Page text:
Global Health Initiative
The Global Health Initiative is a collaborative effort to develop novel solutions to complex global health problems. Our efforts combine various fields (biology, engineering) to develop a robust, reliable and inexpensive microfluidic chip that is capable of monitoring HIV from a fingerprick sample of whole blood, and E.coli in the food supply, and affordable in resource-limited settings.
Rapid HIV Detection
More than 35 million HIV-infected people live in the developing world, where resources are scarce. We have been developing low-cost diagnostic devices for global health problems, such as counting CD4+ T lymphocytes in HIV infected patients at resource limited settings. The absolute number of CD4+ T lymphocytes in blood is vital for evaluating HIV-infected patients and has important prognostic and therapeutic implications. Currently, these values are obtained through using a flow cytometer, which is a very expensive method. Moreover, we aim to develop technologies to capture various cell types from blood using nanoparticles, and microscale technologies.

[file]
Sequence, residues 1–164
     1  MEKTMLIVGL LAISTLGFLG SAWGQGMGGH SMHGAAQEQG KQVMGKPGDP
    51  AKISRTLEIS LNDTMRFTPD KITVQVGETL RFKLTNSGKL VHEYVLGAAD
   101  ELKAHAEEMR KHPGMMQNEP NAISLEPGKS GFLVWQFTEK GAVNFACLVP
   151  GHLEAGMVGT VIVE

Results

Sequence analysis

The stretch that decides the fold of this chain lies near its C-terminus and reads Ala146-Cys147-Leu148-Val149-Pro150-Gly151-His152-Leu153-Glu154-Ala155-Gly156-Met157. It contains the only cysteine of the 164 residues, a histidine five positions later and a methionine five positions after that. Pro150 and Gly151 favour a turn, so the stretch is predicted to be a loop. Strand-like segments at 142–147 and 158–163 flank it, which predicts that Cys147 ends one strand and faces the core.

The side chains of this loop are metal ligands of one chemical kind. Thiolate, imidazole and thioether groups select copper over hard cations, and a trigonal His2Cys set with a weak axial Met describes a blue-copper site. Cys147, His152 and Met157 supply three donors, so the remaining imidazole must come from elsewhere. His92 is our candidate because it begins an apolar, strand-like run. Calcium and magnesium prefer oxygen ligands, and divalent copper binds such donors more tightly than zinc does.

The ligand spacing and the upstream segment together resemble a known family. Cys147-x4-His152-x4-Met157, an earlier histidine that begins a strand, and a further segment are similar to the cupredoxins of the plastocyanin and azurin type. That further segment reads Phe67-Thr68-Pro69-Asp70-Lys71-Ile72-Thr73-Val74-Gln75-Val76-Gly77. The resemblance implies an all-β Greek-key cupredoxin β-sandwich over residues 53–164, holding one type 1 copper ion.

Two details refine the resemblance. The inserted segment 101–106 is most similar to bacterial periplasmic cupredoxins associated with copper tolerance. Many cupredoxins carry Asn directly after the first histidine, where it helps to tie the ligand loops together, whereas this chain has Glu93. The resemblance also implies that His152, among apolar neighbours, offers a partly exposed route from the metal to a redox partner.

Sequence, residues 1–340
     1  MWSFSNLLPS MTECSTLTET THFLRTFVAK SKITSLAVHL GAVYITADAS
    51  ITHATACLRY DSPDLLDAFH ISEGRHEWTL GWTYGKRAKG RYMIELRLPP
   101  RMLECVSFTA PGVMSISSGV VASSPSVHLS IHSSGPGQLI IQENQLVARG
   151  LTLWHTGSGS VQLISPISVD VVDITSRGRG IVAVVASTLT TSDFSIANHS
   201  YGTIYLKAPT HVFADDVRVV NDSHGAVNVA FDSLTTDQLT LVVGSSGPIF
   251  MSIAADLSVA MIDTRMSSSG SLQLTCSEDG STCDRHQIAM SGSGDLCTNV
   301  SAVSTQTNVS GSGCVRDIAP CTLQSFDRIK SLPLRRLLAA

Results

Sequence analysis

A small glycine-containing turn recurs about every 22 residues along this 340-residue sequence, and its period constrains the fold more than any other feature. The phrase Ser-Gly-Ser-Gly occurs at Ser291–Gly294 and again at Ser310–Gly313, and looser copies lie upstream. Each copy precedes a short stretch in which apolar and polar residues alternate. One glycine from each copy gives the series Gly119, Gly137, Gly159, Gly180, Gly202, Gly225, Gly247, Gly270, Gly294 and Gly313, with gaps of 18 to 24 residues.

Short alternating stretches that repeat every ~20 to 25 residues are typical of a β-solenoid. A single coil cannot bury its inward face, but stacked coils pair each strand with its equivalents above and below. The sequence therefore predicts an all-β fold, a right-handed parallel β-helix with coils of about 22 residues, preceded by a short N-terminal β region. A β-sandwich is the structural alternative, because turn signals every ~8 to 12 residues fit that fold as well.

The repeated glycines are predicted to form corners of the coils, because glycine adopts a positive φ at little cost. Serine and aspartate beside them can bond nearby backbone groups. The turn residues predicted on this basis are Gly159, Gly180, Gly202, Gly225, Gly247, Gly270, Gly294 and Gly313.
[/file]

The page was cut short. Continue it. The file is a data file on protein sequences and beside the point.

CD4+ T-Lymphocyte Capture Using a Disposable Microfluidic Chip for HIV
Using micro-electromechanical systems (MEMS) to develop diagnostic tools
Rapid Inexpensive Bacteria Detection
Using the same technologies to capture HIV for rapid diagnosis and detection in resource-limited settings, we aim to expand the capabilities of our technology to enable rapid, inexpensive testing of the food supply for E.coli infection.